Brad Bird's "Tomorrowland" articulates its messages rather awkwardly, but the filmmaking is superb, and it doesn't feel like anything else.
A "panel of experts" has compiled for The Guardian a list of 1000 Films To See Before You Die. Apparently, there's no rush. I mean, it's not films you "must see" -- just films "to see." That explains some of the choices. At least it's not restricted to British films, or even English language films. From the introduction:
Out of these million-plus movies, our team of experts has picked what we believe is the essential 1,000 - those that best sum up the dazzling achievement and variety of the movies.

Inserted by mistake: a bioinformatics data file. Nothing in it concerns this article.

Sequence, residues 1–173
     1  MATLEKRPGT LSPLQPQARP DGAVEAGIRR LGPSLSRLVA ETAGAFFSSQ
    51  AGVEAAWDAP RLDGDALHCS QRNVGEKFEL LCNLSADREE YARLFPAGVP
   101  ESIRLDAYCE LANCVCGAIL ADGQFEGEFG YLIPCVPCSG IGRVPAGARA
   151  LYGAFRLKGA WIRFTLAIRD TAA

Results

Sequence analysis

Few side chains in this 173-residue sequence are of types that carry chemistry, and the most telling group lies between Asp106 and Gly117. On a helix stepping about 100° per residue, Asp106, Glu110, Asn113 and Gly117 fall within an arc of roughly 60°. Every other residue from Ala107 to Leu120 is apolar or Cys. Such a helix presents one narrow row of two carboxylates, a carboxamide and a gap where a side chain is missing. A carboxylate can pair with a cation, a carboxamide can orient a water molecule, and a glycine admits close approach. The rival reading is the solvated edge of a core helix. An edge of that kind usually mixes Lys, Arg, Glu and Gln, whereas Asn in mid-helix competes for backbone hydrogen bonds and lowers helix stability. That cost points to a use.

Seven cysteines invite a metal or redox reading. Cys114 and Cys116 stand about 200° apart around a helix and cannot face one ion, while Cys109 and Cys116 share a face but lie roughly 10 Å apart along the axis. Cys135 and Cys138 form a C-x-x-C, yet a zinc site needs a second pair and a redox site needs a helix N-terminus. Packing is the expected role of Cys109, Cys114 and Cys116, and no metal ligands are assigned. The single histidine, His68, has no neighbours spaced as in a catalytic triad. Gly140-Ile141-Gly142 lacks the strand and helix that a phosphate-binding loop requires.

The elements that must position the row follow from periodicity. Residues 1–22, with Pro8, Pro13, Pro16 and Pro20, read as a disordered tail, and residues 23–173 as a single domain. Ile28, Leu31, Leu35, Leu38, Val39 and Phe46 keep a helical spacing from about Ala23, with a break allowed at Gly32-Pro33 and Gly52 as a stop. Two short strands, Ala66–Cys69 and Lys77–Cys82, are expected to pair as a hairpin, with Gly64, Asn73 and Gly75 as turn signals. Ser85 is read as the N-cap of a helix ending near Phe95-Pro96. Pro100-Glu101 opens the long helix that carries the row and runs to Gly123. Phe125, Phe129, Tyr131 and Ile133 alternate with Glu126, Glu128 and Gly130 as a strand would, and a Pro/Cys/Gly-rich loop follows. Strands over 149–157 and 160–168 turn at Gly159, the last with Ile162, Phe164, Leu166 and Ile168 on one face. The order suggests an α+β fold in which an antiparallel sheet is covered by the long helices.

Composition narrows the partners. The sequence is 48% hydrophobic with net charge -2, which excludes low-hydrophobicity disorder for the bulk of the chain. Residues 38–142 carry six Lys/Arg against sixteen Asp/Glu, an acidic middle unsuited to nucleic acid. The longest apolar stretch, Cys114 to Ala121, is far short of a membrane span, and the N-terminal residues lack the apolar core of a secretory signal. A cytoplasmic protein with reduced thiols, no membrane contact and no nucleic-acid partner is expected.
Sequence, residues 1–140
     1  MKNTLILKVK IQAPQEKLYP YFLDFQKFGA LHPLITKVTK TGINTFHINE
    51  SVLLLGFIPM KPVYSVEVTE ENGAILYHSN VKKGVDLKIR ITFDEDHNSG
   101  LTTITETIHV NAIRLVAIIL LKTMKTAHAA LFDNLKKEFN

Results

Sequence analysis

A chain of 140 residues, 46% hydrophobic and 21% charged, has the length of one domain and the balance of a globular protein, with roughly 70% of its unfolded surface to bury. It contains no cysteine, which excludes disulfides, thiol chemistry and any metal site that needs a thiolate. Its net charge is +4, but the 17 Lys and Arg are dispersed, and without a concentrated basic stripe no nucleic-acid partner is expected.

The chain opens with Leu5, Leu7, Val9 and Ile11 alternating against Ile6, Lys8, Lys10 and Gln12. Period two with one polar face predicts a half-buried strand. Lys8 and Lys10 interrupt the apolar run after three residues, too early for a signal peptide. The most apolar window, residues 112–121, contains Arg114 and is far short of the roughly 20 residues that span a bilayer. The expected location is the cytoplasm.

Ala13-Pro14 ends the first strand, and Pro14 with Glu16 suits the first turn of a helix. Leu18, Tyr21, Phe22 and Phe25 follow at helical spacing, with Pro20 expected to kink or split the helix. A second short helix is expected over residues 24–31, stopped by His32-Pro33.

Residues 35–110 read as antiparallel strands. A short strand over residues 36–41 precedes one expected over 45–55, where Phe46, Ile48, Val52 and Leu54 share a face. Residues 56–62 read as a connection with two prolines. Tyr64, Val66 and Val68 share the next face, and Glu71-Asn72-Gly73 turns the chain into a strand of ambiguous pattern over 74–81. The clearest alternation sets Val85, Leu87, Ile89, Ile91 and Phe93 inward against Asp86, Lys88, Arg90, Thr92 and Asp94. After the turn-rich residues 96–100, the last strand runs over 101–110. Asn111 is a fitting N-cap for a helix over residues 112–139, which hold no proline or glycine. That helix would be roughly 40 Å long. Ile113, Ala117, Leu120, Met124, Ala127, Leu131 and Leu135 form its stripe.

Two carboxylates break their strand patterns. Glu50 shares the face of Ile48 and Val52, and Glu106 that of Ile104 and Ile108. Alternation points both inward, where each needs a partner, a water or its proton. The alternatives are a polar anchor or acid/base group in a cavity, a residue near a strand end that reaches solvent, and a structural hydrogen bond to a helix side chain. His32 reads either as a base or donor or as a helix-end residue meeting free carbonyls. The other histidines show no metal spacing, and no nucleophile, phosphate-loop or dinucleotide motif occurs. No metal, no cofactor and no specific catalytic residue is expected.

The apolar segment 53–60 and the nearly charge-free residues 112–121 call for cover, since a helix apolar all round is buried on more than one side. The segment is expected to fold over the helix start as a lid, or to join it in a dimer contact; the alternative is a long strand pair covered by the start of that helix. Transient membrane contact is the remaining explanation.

Just don't plan on dying in the next few days, because they're publishing the list alphabetically, one day (and a few letters) at a time. Told you there was no hurry. As I write this, The Committee's selections for A through G have appeared.
P.S. The list, so far, is partly redeemed by the presence of "Devil in a Blue Dress," "Dazed and Confused," "The Decline of Western Civilization II: The Metal Years," "Dig!," "Boogie Nights," "Bring Me the Head of Alfredo Garcia" and "Le Boucher." And it cites the right "Crash" -- the David Cronenberg one. ("Dead Ringers," too.) On the other hand, there's the smug, frat-boy-naughty "Clerks," the gooey "Ghost" and "The Faculty" -- which just makes me want to throw something out of something else or at something else.
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An obituary of filmmaker Prashant Bhargava, director of Patang and special guest of Ebertfest in 2012.